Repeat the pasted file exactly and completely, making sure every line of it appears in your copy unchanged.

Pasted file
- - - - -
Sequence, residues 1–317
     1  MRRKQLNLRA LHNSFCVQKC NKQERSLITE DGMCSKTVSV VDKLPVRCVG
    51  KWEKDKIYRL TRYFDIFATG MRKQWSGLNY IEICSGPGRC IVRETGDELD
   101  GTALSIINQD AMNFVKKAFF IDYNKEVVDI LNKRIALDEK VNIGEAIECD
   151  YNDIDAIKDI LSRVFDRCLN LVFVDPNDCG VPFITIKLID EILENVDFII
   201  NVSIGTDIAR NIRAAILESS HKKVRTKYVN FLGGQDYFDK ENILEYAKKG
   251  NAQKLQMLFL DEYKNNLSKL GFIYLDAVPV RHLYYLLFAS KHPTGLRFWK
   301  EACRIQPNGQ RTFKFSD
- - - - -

Sequence, residues 1–317
     1  MRRKQLNLRA LHNSFCVQKC NKQERSLITE DGMCSKTVSV VDKLPVRCVG
    51  KWEKDKIYRL TRYFDIFATG MRKQWSGLNY IEICSGPGRC IVRETGDELD
   101  GTALSIINQD AMNFVKKAFF IDYNKEVVDI LNKRIALDEK VNIGEAIECD
   151  YNDIDAIKDI LSRVFDRCLN LVFVDPNDCG VPFITIKLID EILENVDFII
   201  NVSIGTDIAR NIRAAILESS HKKVRTKYVN FLGGQDYFDK ENILEYAKKG
   251  NAQKLQMLFL DEYKNNLSKL GFIYLDAVPV RHLYYLLFAS KHPTGLRFWK
   301  EACRIQPNGQ RTFKFSD